We like places where everybody knows us and welcomes with a smile, therefore we normally prefer our small local bakery to the large supermarket. If we do not like the price and quality of muffins in our bakery we are going to another one around the corner. Why can’t we transfer this model to the healthcare?

3. Patient-oriented information technology.

There is a clear correlation between the advancement of healthcare and acceptance of ICT. The UK was one of the first countries to embark on the large-scale national eHealth Project. By 2013, nearly half the population of England had a Summary Care Record. Electronic transfers (from general practices to pharmacies) are widely used for prescriptions and for the storage and distribution of digital images (e.g., scans, X-rays). The Choose and Book system provides patients with the online choice of hospital where they prefer to be treated. Through MyNHS Portal patients can monitor the performance of hospitals and GPs in their area, providing direct comments and recommendations.

Sweden is another country that uses ICT extensively to enhance care of its citizens.  The 1177 services in Sweden are providing a 24 hours access to medical staff to advise patients on recommended treatments. Additionally, there is a collaborative initiative between all county councils and regions to provide online information about pharmaceuticals, medical conditions, and pathways for seeking care, known as

The spread of wearable devices empowered by consumer mobile applications generated “mHealth” – a collection of electronic options of providing care. Not only mHealth gave way to  new citizens services like online booking, remote diagnostics, patient monitoring and online rehabilitation, it also generated independent channels for citizens to express their opinion on the level of services they were receiving as well as on the their governments’ efforts to improve such services.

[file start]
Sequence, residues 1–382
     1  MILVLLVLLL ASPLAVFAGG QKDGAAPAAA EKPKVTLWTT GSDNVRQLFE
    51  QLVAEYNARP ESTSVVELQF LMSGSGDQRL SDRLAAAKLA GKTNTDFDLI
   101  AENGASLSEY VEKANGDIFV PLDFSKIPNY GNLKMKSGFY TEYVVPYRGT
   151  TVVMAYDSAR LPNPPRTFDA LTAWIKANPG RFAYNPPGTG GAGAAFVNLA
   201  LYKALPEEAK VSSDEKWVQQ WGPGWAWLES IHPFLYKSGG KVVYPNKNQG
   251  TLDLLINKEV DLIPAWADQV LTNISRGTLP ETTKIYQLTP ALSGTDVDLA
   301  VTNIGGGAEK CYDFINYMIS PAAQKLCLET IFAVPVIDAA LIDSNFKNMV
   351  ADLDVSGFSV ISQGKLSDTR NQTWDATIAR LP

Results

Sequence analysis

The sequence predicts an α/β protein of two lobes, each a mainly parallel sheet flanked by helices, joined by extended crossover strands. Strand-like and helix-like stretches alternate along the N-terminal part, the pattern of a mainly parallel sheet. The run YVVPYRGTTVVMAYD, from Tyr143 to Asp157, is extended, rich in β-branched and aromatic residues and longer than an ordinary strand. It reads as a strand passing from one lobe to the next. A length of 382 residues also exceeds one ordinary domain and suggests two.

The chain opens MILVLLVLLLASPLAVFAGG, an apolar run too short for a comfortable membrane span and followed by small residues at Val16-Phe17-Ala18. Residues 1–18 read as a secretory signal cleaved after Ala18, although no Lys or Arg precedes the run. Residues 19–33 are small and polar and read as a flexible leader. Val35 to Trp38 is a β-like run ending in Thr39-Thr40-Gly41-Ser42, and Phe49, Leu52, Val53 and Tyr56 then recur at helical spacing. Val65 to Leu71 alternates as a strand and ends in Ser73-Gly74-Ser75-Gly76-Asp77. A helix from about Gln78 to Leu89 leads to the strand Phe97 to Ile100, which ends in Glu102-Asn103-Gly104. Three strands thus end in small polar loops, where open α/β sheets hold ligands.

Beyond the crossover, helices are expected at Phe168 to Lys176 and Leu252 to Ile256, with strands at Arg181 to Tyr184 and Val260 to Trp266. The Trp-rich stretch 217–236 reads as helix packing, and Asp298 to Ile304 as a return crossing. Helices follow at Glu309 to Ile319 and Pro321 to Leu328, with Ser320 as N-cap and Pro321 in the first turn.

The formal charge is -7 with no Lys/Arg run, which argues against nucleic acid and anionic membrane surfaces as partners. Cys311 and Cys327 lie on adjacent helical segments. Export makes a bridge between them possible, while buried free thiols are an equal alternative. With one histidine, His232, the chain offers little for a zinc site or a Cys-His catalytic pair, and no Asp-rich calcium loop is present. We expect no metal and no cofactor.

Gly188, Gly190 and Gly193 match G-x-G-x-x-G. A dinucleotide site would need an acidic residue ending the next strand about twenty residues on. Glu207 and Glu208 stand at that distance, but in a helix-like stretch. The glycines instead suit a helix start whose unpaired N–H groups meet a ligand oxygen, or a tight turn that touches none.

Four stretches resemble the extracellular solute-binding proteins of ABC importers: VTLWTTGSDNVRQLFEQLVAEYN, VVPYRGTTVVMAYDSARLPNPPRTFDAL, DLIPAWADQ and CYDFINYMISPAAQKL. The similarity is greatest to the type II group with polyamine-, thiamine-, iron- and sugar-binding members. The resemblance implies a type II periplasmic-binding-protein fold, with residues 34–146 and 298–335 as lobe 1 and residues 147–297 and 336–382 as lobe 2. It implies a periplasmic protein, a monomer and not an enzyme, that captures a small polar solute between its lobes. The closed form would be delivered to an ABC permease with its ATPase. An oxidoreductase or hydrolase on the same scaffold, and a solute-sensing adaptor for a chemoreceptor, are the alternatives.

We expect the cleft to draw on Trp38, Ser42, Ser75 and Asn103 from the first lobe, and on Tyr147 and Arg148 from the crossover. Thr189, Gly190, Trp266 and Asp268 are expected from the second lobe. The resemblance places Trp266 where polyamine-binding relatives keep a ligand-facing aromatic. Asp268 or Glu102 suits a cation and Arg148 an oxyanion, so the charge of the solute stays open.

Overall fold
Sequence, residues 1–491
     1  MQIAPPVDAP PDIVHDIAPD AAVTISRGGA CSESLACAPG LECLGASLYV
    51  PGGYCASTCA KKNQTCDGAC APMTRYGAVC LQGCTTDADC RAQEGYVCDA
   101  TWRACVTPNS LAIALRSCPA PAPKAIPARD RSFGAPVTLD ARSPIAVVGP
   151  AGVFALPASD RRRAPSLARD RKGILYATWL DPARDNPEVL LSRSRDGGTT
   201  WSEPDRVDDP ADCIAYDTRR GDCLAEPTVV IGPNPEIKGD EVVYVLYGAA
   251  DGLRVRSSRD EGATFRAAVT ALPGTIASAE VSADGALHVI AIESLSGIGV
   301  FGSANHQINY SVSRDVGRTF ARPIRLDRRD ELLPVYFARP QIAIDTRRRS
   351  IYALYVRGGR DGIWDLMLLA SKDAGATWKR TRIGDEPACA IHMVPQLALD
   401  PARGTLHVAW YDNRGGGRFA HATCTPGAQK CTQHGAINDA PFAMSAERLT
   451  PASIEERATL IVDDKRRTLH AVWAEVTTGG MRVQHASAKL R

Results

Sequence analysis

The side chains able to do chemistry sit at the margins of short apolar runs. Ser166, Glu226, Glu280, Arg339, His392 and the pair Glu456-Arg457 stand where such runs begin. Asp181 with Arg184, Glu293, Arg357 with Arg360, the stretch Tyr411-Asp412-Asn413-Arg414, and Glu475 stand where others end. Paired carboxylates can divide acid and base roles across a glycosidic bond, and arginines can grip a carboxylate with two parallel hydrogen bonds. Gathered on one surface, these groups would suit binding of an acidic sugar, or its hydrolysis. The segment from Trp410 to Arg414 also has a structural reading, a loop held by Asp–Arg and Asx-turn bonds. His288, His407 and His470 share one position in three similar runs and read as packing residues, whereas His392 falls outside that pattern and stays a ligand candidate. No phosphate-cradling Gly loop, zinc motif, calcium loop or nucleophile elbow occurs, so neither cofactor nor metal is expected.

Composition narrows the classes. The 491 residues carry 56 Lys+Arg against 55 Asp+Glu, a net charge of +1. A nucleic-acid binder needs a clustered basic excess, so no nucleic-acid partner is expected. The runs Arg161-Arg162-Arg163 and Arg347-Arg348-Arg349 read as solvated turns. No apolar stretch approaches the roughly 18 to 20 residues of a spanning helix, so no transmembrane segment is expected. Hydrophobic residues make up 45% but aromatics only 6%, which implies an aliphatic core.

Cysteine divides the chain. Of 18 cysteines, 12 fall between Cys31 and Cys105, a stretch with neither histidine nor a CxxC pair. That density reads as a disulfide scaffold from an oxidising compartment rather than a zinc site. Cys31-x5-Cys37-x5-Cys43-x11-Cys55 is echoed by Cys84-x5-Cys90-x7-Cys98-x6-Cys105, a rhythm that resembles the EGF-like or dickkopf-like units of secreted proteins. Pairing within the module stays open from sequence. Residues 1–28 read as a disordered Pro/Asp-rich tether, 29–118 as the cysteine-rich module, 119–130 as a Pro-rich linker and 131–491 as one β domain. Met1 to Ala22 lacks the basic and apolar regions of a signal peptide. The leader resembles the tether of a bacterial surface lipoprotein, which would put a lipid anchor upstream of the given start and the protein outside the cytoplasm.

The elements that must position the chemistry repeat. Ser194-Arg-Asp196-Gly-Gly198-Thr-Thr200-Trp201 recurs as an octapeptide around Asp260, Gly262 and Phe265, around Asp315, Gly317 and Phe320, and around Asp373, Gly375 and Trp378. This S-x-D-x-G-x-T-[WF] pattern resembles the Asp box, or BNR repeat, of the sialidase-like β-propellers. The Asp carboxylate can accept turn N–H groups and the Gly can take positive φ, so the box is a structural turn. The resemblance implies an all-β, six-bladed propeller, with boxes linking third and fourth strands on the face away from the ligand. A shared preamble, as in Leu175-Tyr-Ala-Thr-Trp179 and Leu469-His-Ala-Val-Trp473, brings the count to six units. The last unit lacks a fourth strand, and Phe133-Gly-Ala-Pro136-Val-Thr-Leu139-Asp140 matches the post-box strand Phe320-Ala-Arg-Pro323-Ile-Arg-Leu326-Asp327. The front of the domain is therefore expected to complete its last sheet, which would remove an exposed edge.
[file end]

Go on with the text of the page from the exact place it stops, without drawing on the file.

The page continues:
Yet the majority of medical systems were not interconnected, thus preventing data sharing between physicians and patients. Interoperability seemed to be an insurmountable barrier for the eHealth success.

The evolution of the Cloud technologies was a big step forward.  They allowed patients and physicians to communicate with each other remotely, sharing data from Electronic Medical Records (EMR) and Personal Health Records (PHR). Systems such as Microsoft HealthVault® originally launched in 2007 in the USA is available now world-wide. Such systems help individuals to collect, manage and share their medical and wellness information. Some of the examples include common clinical types (medication prescriptions, allergies, etc.), demographics, health state measurements (blood glucose, blood pressure, etc.), fitness level (e.g., measured by heart rate and blood pressure) and the commensurate arrangements (exercise sessions) as well as unstructured information (such as scanned images and other documents). HealthVault is available on the Web as well as from mobile and tablet appstore by Microsoft and other providers. Other IT vendors such as Apple with Health Kit or Samsung with SAMI  are catching up.

Are the above three pillars sufficient to make the healthcare system more patient-oriented and successful? Apparently not, but they are indispensable to start with.


  1. International Profiles of Health Care Systems 2014